Yesterday, I wondered if I could keep a video review to 60 seconds, and so I wrote out a short script and timed myself. And sure, I can do it, if I simply want to speak and I don't intend to do anything with the beer.

And so I then challenged myself to a 90-second video review, and gave myself some time to open the can of beer, pour it, smell it, taste it, and give my overall impression. With a little bit of editing, I managed to create a video that's exactly 90 seconds.

It's rough, but with time I'm sure I'll get better.

For this new review format, I thought I would review Ottawa's newest brewery. I first sampled some of their suds before they had a shop, during this spring's beer fest in Orleans. And I have to say, I nearly forgot about them in the ensuing months, but a change in plans for a recent Brew Donkey tour brought this brewery back on my radar.

Open since this past August, Brew Revolution picks up a music theme, with brews like Make Me Wanna Stout, Kashmir, and Walkin' On Sunshine, this Stittsville brewery already has a vast selection to choose from.

Enough writing: here's my 90-second review. Enjoy!

Tuesday, November 12, 2019

Death Wish

DW and I were talking about death, the other week, as couples do (what... you don't?), and we were remarking at the fact that we haven't updated our wills since our kids were in diapers. Because DW is still working out her father's estate, wills are foremost on her mind.

Back in the late '60s, DW's parents had the forethought to purchase their own plots at a cemetery, on the outskirts of town, and they purchased extra room for their offspring and any partners, as well. As we laid her dad to rest, next to his wife of more than 60 years, I muttered to DW, "I don't want to be buried here."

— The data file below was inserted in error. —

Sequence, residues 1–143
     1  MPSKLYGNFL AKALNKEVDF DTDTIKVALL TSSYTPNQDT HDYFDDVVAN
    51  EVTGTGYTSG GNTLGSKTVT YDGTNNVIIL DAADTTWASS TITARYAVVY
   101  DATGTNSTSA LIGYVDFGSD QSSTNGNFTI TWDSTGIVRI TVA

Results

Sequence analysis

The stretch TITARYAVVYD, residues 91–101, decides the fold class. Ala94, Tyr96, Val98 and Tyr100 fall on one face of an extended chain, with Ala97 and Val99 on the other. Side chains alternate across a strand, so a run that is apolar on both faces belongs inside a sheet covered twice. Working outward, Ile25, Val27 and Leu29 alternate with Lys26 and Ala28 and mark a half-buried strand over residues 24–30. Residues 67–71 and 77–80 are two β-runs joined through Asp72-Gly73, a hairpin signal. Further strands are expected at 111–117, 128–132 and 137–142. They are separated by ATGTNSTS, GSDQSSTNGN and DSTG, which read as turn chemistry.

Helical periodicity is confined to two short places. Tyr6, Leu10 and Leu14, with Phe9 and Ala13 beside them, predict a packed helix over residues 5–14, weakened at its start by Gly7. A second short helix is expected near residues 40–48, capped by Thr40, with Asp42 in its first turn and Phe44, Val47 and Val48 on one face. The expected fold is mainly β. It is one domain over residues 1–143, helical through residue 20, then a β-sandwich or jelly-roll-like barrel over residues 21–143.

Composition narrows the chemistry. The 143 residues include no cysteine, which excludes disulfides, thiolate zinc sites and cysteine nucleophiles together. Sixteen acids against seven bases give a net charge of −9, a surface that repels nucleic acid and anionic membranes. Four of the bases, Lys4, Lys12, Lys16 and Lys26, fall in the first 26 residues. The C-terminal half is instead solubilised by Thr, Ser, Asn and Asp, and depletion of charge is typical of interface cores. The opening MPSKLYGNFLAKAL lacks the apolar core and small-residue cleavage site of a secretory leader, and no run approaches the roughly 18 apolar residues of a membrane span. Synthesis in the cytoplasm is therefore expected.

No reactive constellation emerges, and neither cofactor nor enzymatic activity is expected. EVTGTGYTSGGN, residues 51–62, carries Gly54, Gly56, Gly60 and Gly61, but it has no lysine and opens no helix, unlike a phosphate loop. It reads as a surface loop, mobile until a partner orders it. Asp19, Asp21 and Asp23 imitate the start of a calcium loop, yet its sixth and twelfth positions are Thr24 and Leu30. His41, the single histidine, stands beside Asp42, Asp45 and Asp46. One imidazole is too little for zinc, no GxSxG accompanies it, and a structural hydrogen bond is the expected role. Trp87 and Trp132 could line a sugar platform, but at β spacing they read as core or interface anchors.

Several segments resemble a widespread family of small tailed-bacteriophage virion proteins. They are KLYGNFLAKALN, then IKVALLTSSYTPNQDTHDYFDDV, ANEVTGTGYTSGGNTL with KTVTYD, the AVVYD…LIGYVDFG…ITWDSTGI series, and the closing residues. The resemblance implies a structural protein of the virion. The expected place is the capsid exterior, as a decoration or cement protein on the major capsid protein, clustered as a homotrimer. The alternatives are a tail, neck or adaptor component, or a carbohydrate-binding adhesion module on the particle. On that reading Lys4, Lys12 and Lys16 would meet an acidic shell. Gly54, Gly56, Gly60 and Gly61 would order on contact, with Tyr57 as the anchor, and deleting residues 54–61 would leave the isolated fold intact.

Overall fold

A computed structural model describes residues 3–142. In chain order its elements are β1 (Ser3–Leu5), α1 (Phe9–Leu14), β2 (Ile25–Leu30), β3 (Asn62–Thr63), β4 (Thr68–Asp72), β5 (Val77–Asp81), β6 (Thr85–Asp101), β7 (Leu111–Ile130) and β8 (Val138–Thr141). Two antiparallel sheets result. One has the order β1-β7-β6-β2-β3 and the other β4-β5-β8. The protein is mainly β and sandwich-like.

It was not meant as a slight against her parents: I loved DW's folks, who had been nothing short of kind and loving towards me, as though I was one of their own. My desire to be placed in the ground in a coffin or urn just didn't have its appeal for me. I didn't need to have a marker, with my name printed on it, to be a constant reminder of where my remains had been stashed. And I didn't want to have a funeral home's hand in my pockets.

DW told me that we'd discuss this matter later, and when we did, I was just as adamant. "I don't want to be buried in that cemetery," I repeated.

"Well, I'm keeping some of your ashes and I'm having them mixed with mine, and at least a bit of you will be with me when my time comes and I'm placed next to my mom and dad."

For years, I've been wondering how I wanted my remains handled. (I know, I'm such a joyful person.) Seriously, in this time when we consider the environment and the sort of world that we want to leave for our children, I think it's time that we give serious thought to how we go out, responsibly.

At times, I've joked, "throw me in a bog and let nature take its course," or, "just put me in the green bin and roll me to the curb on collection day." But now, I'm wondering if that's not such a bad idea (the first one, not the green bin).

I really don't want to give a funeral home any money. I don't need a fancy coffin or an urn. I certainly don't want to be embalmed—one more cocktail for the road?